Jazz has a lot of people in her life who seem eager to big her up, which is handy because there are several reasons why she might need a boost. The very least of them curiously is Jazz's size, the result of an unspecified form of dwarfism.
From a fairly early age, she knew that any growing up she was going to be doing in the future was going to be more a matter of emotions and understanding than physical height, and one of the pleasures of Small Teen Turns 18, the third of a series of films about Jazz's life and tribulations, was how indifferent she is to her own physical limitations. True, it makes shopping for shoes a bit of a nightmare. As Jazz's mother pointed out (she also has the same condition), there comes a time when a girl tires of only being able to buy footwear that lights up when you walk. Fortunately, she and Jazz then discovered an online website that offered come-to-bed heels in inappropriately tiny sizes.
Jazz's biggest problem is her father, a lifelong heroin addict with whom she was reunited in an earlier programme. Things went very well at first, her parents picking up where they'd left off 16 years earlier and Jazz allowing herself to celebrate the fact that she had a dad again on her 17th birthday. But then Paul fell off the wagon and Jazz offered him the same ultimatum her mother had made when she was born: it's me or the drugs. The twin subjects of this follow-up documentary were Paul's remorseful entry into rehab and Jazz's preparation for a coming-of-age party. And the first triumph was the arrival of Jazz's new boots: "Oh.. that noise!" she said deliriously as she tapped noisily down the hall. "Oh my God! Victory dance!"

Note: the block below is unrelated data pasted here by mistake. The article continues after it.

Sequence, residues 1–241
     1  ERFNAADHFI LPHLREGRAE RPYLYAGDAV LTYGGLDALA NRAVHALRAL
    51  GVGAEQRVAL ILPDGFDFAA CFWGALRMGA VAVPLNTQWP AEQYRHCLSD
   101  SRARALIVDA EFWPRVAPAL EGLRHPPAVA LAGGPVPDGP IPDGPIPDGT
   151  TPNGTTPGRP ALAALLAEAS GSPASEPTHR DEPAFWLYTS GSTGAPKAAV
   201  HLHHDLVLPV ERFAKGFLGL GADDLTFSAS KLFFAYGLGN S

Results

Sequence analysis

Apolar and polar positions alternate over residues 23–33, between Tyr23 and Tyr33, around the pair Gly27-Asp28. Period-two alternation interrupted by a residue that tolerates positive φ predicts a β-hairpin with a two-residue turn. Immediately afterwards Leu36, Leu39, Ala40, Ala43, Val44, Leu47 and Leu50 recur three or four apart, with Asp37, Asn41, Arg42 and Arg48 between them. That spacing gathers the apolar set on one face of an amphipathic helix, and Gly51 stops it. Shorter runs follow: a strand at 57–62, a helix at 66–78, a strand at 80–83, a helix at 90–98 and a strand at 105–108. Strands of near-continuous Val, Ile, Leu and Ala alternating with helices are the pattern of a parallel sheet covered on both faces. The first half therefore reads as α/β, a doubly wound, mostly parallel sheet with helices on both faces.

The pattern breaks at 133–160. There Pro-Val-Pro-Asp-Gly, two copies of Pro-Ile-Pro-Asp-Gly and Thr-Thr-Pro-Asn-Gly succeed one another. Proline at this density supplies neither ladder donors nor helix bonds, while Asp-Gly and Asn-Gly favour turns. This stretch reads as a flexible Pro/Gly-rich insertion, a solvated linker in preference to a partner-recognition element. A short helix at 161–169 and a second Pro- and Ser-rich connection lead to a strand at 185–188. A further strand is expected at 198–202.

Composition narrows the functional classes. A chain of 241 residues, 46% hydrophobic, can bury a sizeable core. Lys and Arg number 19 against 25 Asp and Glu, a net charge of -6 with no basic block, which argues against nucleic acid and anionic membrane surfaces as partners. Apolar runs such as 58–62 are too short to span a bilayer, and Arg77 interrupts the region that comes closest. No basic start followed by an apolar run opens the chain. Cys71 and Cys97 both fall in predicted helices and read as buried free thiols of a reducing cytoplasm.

The style of the programme – post-produced diary in which Jazz narrated in the present tense – felt a little artificial and the script was over-reliant on headline clichés of adversity. "My world collapsed," said Jazz when she was talking about her father's relapse and inevitably his attempt to get straight again was described as him "facing his demons". But the warmth of the rest of Jazz's family was so touching, and her own resilience and pluck (it seems the right word for the cheerfulness of her determination) so impressive that it didn't really matter. The film had its lows – including Paul absconding from his treatment centre when he was just a few millilitres of methadone away from becoming completely drug free – but they were outnumbered by the highs. Best moment: when Jazz tried on the specially tailored Moulin Rouge dress she'd had made for her big night and loved it so much that she burst into tears. I expect this isn't the last we've seen of her.
I'm not sure how empty of diversion your life would have to be to make you watch Britain Beware all the way through, but if you'd stumbled on Ade Edmondson's history of public information films while channel hopping I think you'd have stuck around for at least one channel break. Beginning with the days when Cyprus Is an Island could be a big draw at the local village hall, Edmondson offered a selection of the kind of civic horror films intended to stop people from immolating themselves in chip-pan fires or wandering in front of passing vans.
It's a branch of the cinematic art in which it's virtually obligatory to operate on the assumption that your target audience are stupid, but even allowing for that there were some startling moments. "Well, Maximilian, old fruit. You'll not be in any discotheques for a while, will you?" Jimmy Savile said cheerfully to a young man on hand to illustrate the perils of not wearing a seat-belt. Since Maximilian had severed his spine and was now quadriplegic it seemed a fair bet.
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